(Reuters) – A top U.S. scientist said on Wednesday that governments should not count on a successful vaccine against COVID-19 being developed anytime soon when deciding whether to ease restrictions imposed to curb the pandemic.
FILE PHOTO: The ultrastructural morphology exhibited by the 2019 Novel Coronavirus (2019-nCoV), which was identified as the cause of an outbreak of respiratory illness first detected in Wuhan, China, is seen in an illustration released by the Centers for Disease Control and Prevention (CDC) in Atlanta, Georgia, U.S. January 29, 2020. Alissa Eckert, MS; Dan Higgins, MAM/CDC/Handout via REUTERS
William Haseltine, a groundbreaking researcher of cancer, HIV/AIDS and human genome projects, said the better approach now is to manage the disease through careful tracing of infections and strict isolation measures whenever it starts spreading.
While a COVID-19 vaccine could be developed, he said, “I wouldn’t count on it.”
Vaccines developed previously for other types of coronavirus had failed to protect mucous membranes in the nose where the virus typically enters the body, he said.
Even without an effective treatment or vaccine, the virus can be controlled by identifying infections, finding people who have been exposed and isolating them, he said. He urged people to wear masks, wash hands, clean surfaces and keep a distance.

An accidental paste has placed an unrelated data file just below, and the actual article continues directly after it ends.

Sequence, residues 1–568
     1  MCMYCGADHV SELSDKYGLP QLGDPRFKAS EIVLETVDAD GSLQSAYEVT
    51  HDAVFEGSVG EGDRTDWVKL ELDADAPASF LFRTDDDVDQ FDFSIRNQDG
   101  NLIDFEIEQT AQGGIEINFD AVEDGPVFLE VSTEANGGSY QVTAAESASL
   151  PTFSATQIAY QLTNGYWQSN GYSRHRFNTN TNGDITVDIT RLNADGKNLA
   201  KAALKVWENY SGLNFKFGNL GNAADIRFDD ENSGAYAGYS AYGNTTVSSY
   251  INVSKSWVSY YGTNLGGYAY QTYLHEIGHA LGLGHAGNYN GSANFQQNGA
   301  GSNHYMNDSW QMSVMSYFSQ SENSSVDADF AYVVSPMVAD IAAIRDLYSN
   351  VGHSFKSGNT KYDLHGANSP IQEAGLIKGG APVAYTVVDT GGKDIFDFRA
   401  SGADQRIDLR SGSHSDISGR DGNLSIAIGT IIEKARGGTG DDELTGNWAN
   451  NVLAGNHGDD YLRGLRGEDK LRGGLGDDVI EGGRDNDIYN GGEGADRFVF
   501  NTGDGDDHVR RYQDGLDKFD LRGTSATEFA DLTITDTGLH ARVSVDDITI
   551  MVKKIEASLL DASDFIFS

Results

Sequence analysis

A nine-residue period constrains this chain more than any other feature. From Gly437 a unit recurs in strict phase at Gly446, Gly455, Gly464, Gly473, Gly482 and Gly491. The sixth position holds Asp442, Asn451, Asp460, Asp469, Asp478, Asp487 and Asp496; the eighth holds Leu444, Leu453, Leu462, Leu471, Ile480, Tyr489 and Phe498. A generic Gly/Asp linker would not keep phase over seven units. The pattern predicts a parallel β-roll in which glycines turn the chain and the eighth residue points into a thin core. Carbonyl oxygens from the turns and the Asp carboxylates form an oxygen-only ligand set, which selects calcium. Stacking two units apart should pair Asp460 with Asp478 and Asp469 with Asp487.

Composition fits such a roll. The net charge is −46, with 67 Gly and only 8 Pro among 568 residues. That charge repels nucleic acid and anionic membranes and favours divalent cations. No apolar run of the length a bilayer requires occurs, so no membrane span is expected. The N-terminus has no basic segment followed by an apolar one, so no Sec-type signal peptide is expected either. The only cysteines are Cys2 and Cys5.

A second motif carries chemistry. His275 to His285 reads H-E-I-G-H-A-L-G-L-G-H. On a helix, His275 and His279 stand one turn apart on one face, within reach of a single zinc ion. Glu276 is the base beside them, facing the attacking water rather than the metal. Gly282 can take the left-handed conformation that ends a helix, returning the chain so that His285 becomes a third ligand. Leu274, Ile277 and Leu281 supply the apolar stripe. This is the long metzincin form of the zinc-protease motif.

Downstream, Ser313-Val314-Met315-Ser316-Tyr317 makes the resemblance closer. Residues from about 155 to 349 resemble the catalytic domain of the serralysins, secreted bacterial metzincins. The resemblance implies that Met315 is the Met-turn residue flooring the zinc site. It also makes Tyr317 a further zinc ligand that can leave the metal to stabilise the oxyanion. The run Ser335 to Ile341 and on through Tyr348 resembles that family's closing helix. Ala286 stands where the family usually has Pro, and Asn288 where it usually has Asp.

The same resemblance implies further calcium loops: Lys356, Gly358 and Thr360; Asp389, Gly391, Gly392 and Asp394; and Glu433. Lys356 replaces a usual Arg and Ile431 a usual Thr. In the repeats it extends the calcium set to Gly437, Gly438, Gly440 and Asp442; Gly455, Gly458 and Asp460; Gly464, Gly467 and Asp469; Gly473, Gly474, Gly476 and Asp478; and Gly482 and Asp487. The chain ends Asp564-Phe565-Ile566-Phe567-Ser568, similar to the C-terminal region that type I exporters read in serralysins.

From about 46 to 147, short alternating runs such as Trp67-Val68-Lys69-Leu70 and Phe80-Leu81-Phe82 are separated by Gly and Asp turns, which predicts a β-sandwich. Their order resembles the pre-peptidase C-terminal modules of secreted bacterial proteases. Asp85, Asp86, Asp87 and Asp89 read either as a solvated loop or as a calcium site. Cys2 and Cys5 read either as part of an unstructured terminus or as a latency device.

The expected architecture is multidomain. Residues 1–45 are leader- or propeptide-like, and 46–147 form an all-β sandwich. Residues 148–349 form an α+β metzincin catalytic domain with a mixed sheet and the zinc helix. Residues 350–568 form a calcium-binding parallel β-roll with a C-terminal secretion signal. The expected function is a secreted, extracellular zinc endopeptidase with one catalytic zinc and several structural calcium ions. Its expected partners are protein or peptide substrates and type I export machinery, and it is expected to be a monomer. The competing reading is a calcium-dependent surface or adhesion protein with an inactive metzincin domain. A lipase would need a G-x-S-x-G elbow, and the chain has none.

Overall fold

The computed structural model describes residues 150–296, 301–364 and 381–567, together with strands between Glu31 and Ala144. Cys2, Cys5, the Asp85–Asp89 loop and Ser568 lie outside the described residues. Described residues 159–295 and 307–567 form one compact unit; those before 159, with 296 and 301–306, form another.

He said China and some other Asian countries used that strategy successfully, while the United States and other countries did not do enough to “forcibly isolate” all who were exposed to the virus.
China, South Korea and Taiwan have done the best at curbing infections, he said, while the United States, Russia and Brazil have done the worst.
Tests on animals of experimental COVID-19 vaccines had been able to reduce the viral load in organs like lungs although the infections remained, he said.
For treatment, patients have been getting antibody-rich plasma donated by people who recovered from COVID-19, and drugmakers are at work producing refined and concentrated versions of that serum.
Known as hyperimmune globulin, those products are “where the first real treatments are going to be,” he said, predicting success also with research into monoclonal antibodies that home in on and neutralize the ability of the virus to enter human cells.
Writing by Deena Beasley; Editing by Howard Goller